New data on oceanic rare earth elements concentrations and neodymium isotopic compositions

Early 2014 was favourable to the publication of new data of rare earth elements (REE) concentrations and neodymium (Nd) isotopic compositions in extreme areas of the ocean: the southern Atlantic Ocean, the north east corner of the Pacific Ocean and the remote south Pacific Ocean. Three works of three different groups (Garcia-Solsona et al.; Haley et al.; Molina-Kescher et al., see references below), all published in Geochimica Cosmochimica Acta on REE distributions.

These three works confirm the conservative behaviour of Nd isotopic composition far from main biogeochemical disturbances, such as lithogenic inputs or significant biological activity. But more importantly, they reveal features in the behaviours of the REE that might need to be considered more closely. These features rely on particle/dissolved exchanges that are not understood yet but they also yield unexpected decoupling along the REE array… Read more to discover the fascinating world of REE and Nd isotopic composition!

In January 2014 (Vol. 125), Garcia-Solsona and co-workers (Toulouse, France) described the distribution of dissolved and particulate REE and seawater Nd isotopic composition in samples from the IPY/GEOTRACES Bonus Good Hope (BGH) cruise between South Africa and the Southern Ocean (57°S). This work:

  • demonstrates the role of the South African submarine margins as sources of neodymium;
  • shows that at open-ocean stations, dissolved and particulate REEs have acquired a marine signature (particles present negative cerium anomalies) as a result of dissolved/particulate exchange likely driven by the biological activity;
  • reports positive Lanthanum (La) anomalies, observed in both particulate and dissolved phases, that could be linked to the oceanic barium cycle and the partial dissolution of barite crystals;
finds that Nd isotopic composition behaves conservatively in the Antarctic Circumpolar Current (ACC), supporting the use of εNd as a water mass mixing tracer in BGH deep waters.

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Figure 1: This figure shows linear correlations between dissolved La and Ba concentrations.
Click here to view the figure larger.

Two weeks later (Vol. 126) Haley and co-workers (Corvallis, USA) presented the first combined distributions of dissolved REEs and Nd isotopes in the Gulf of Alaska. They reveal for the first time that:

  • εNd signatures allow tracing eddies that carry shelf waters to open gyre regions;
  • two pools of REEs could be distinguished in this productive area using a statistical approach: one pool complexed to carbonate ion and largely behaving “quasi-conservatively”, the second pool “bioreactive” and complexed by organic molecules as siderophores and only significant in the near surface ocean;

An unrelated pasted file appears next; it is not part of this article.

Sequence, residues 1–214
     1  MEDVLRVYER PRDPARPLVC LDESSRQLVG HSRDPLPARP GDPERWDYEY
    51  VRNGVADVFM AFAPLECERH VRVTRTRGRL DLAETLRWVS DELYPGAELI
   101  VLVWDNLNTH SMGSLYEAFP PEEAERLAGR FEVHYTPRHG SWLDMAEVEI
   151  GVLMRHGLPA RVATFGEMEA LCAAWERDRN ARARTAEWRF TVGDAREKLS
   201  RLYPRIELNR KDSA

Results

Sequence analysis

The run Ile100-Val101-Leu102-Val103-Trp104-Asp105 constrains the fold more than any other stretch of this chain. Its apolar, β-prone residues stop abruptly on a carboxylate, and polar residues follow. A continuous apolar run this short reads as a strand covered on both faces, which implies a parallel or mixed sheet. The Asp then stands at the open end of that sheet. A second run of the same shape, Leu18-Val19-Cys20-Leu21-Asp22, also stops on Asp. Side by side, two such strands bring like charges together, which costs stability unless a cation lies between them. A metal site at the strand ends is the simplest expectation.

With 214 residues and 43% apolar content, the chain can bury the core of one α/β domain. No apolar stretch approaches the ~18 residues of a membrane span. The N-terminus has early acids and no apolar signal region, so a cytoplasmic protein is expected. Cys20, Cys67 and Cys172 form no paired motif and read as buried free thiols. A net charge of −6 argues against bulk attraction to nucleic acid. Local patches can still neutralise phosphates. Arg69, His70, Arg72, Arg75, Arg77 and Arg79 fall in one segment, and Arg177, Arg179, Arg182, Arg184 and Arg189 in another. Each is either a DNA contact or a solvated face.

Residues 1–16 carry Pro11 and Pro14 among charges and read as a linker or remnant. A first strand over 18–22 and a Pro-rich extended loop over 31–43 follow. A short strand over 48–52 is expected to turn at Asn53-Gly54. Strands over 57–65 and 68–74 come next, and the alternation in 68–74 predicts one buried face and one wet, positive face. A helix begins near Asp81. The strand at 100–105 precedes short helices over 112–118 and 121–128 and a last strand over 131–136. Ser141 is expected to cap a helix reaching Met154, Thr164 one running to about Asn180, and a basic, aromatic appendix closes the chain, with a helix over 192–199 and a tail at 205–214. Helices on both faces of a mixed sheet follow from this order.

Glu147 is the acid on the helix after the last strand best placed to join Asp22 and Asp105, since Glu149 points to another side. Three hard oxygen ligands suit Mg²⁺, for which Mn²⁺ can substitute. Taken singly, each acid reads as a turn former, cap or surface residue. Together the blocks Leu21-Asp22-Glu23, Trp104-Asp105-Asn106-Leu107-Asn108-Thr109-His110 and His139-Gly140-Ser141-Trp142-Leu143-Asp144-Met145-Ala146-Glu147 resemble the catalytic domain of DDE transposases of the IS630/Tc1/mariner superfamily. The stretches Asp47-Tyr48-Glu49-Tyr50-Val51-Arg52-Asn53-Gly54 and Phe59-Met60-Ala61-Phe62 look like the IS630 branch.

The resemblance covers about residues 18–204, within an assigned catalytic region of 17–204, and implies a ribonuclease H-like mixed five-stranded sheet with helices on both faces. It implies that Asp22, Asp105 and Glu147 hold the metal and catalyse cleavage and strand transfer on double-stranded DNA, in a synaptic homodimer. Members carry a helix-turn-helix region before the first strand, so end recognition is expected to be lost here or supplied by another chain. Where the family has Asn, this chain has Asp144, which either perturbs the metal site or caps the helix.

• the conservative fraction of the REE and its Nd isotopic composition is consistent with the hypothesis that a pool of seawater older than 1000 years is maintained in this far northeast Pacific Ocean, as already indicated by 14C ages.

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Figure 2: REE paterns. Click here to view the image larger.


In early February 2014 (Vol. 127), Molina-Kescher and co-workers (Kiel, Germany) proposed the first detailed analysis of dissolved Nd isotopes and REEs in intermediate and deep waters along a zonal transect between South America and New Zealand (~40°S). These authors:

  • confirm the reliability of εNd as water mass tracer in this area;
  • propose the tagging of South Pacific water masses never done before. Among others, they identify the influence of residual North Atlantic Deep Water (NADW) in the westernmost South Pacific, characterised by the most negative εNd;
  • demonstrate that biogeochemical cycling and scavenging processes in the Eastern Equatorial Pacific and release of LREEs from the sediment in the southeast Pacific Ocean influence the distribution of the dissolved REE concentrations.

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Figure 3: Meridional cross section along the South Pacific at ~40°S showing oxygen concentrations (ml/l), represented by the colour gradient, and measured εNd signatures (black values) at their corresponding depths. The flow direction of the water masses are also shown by transparent circles, where crosses represent the sense of movement into the picture and centred dots represent movement out of the picture. Water mass abbreviations: LCDW (Lower Circumpolar Deep Water), NADW (North Atlantic Deep Water), AAIW (Antarctic Intermediate Water), SPGDW (South Pacific Gyre derived Deep Water) and NPDW (North Pacific Deep Water). Oxygen concentrations are from the database of the World Ocean Atlas 09. Click here to view the figure larger.



Garcia-Solsona, E., Jeandel, C., Labatut, M., Lacan, F., Vance, D., Chavagnac, V., & Pradoux, C. (2014). Rare earth elements and Nd isotopes tracing water mass mixing and particle-seawater interactions in the SE Atlantic. Geochimica et Cosmochimica Acta, 125, 351–372. doi:10.1016/j.gca.2013.10.009. Click here to access the paper.

Haley, B. A., Frank, M., Hathorne, E., & Pisias, N. (2014). Biogeochemical implications from dissolved rare earth element and Nd isotope distributions in the Gulf of Alaska. Geochimica et Cosmochimica Acta, 126, 455–474. doi:10.1016/j.gca.2013.11.012. Click here to access the paper.

Molina-Kescher, M., Frank, M., & Hathorne, E. (2014). South Pacific dissolved Nd isotope compositions and rare earth element distributions: Water mass mixing versus biogeochemical cycling. Geochimica et Cosmochimica Acta, 127, 171–189. doi:10.1016/j.gca.2013.11.038. Click here to access the paper.

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